Widowed and so alone … I attended a newly formed support group


LIFE INTERRUPTED

 life was in disarray. I knew that I had to rebuild some kind of a social life in order to lessen my stress and help me through the grieving process but it took a great deal of courage to entertain couples on my own.

There was no one to talk to when I woke up in the morning and when friends called they remarked on my hoarse voice.  “Well, it hasn’t been used since last night,” I told them.

There were so many responsibilities to assume and I found the bank very stressful. I had never shown much interest in this side of our lives as my husband had done it all. The children helped me a great deal here.

When a support group for newly widowed women was formed,  I thought I would attend one session to see what it was like but stayed for all ten. Besides the practical help given, I made good friends who knew exactly how I was feeling and we started going out together once a week. When a new member walked into the group, I remembered how I’d felt during my first session and understood how far I’d come. A woman told us that all she could think about was her late husband’s suffering before he died and how that wiped out any happy memories they’d shared.  The group somehow gave us permission to speak about personal subjects we did not talk about elsewhere. It lessened our feelings of isolation and helped us realize that we were not the only  ones going through this heartbreaking experience. We helped one another find  unique ways of handling our grief and this helped me get on with my life.

Losing a husband is not something one recovers from but I learned to incorporate his absence with memories of our lives together  and channeled my emotional energy in a different direction. I know that one day my grief will walk beside me instead of consuming me.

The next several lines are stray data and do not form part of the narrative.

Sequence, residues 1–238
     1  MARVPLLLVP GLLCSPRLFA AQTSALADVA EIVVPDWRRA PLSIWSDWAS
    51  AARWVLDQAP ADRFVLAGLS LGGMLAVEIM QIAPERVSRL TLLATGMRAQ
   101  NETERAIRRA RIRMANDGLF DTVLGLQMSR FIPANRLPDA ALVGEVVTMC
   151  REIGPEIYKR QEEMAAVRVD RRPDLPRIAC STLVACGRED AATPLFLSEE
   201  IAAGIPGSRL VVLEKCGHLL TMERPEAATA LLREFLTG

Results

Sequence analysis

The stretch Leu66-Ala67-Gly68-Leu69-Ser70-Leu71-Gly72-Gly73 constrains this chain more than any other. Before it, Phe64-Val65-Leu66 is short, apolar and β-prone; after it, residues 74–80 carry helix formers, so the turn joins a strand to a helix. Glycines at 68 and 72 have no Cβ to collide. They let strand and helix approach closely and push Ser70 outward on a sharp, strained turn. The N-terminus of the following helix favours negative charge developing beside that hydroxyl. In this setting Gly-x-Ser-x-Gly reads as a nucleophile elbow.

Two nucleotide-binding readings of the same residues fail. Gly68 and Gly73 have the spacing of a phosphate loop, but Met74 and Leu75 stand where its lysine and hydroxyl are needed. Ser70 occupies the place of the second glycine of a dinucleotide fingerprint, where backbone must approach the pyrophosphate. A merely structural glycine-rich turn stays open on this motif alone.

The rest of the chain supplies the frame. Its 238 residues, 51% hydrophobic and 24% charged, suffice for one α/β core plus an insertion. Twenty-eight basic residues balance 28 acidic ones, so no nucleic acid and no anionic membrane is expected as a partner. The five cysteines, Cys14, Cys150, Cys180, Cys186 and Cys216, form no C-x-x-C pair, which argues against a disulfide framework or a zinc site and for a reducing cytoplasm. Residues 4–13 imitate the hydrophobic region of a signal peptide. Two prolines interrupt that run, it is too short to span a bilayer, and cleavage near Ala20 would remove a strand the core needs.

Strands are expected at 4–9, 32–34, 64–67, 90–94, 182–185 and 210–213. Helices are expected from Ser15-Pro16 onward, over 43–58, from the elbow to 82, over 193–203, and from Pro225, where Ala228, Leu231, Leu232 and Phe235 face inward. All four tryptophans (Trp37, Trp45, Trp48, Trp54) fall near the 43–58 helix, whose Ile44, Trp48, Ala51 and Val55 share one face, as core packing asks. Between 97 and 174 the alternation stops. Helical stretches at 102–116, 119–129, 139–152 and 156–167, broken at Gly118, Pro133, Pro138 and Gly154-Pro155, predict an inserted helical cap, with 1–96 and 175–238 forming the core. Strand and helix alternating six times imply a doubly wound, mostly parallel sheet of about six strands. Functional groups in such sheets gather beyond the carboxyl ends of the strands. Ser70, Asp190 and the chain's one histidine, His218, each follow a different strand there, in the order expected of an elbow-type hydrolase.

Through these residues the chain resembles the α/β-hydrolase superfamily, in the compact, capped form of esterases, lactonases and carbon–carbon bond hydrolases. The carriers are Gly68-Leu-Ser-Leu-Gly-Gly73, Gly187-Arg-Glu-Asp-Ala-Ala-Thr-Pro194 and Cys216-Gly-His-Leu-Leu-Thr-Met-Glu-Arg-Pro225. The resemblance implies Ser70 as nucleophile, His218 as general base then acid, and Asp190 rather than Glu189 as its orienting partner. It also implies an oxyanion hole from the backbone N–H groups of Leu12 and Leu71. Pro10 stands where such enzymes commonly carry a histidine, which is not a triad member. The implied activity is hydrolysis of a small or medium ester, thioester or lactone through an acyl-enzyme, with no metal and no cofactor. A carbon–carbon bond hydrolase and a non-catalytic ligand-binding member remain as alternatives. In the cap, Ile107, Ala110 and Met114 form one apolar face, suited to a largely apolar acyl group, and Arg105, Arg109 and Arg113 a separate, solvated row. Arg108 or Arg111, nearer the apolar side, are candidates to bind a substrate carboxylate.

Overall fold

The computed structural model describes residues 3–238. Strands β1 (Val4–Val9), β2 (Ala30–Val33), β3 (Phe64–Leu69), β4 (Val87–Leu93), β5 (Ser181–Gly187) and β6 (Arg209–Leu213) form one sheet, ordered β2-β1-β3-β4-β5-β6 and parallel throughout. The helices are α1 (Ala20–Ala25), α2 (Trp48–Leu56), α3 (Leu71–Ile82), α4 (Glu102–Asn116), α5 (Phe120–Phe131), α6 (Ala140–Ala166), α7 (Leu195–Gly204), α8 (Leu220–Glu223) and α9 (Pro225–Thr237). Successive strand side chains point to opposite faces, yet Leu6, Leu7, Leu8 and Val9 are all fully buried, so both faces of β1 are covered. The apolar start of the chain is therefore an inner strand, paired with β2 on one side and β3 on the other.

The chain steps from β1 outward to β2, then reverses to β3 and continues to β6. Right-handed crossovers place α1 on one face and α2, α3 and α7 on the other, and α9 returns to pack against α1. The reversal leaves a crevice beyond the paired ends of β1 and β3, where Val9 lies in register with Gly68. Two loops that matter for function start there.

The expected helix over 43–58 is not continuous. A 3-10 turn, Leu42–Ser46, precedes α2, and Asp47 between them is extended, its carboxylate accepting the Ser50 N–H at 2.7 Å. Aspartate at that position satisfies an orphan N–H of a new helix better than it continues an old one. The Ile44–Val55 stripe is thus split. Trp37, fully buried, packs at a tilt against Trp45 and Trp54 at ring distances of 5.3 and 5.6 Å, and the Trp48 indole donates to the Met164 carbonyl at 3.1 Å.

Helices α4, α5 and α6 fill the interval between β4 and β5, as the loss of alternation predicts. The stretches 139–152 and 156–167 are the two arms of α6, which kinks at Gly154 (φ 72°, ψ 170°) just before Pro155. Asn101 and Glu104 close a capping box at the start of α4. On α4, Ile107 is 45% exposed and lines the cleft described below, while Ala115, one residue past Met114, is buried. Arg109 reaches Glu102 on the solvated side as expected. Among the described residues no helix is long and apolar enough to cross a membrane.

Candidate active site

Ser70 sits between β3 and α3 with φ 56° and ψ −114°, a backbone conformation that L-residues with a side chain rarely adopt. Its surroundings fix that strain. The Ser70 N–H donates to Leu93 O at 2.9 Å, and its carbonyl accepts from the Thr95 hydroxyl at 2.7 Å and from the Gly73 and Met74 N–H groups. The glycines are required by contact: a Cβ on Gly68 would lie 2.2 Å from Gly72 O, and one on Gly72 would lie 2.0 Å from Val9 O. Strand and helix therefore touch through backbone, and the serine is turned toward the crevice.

Death forced me to look back and reach the stage of acceptance which meant turning things around. One day I will learn to start looking forward.

One does not recover from losing a husband and it takes courage and persistence to incorporate his absence and memories into my life and channel my emotional energy elsewhere . I sincerely hope that eventually, my grief will walk beside me inside of consuming me. I have to get used to my loss. Somehow, I am learning to make him live within me.

Death forced me to look back but acceptance involves slowly turning around to look forward. I have to begin a different chapter in my life.

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This entry was posted in Grief and Grieving, Schizophrenia on by .

About Jill

Author of books and articles on support and experiences of living with a mentally ill family member. My aim in blogging is to let others see how a loving family, with a father and husband who is able to give unconditional love, can help the family cope. Many call me the blogging grandma.'

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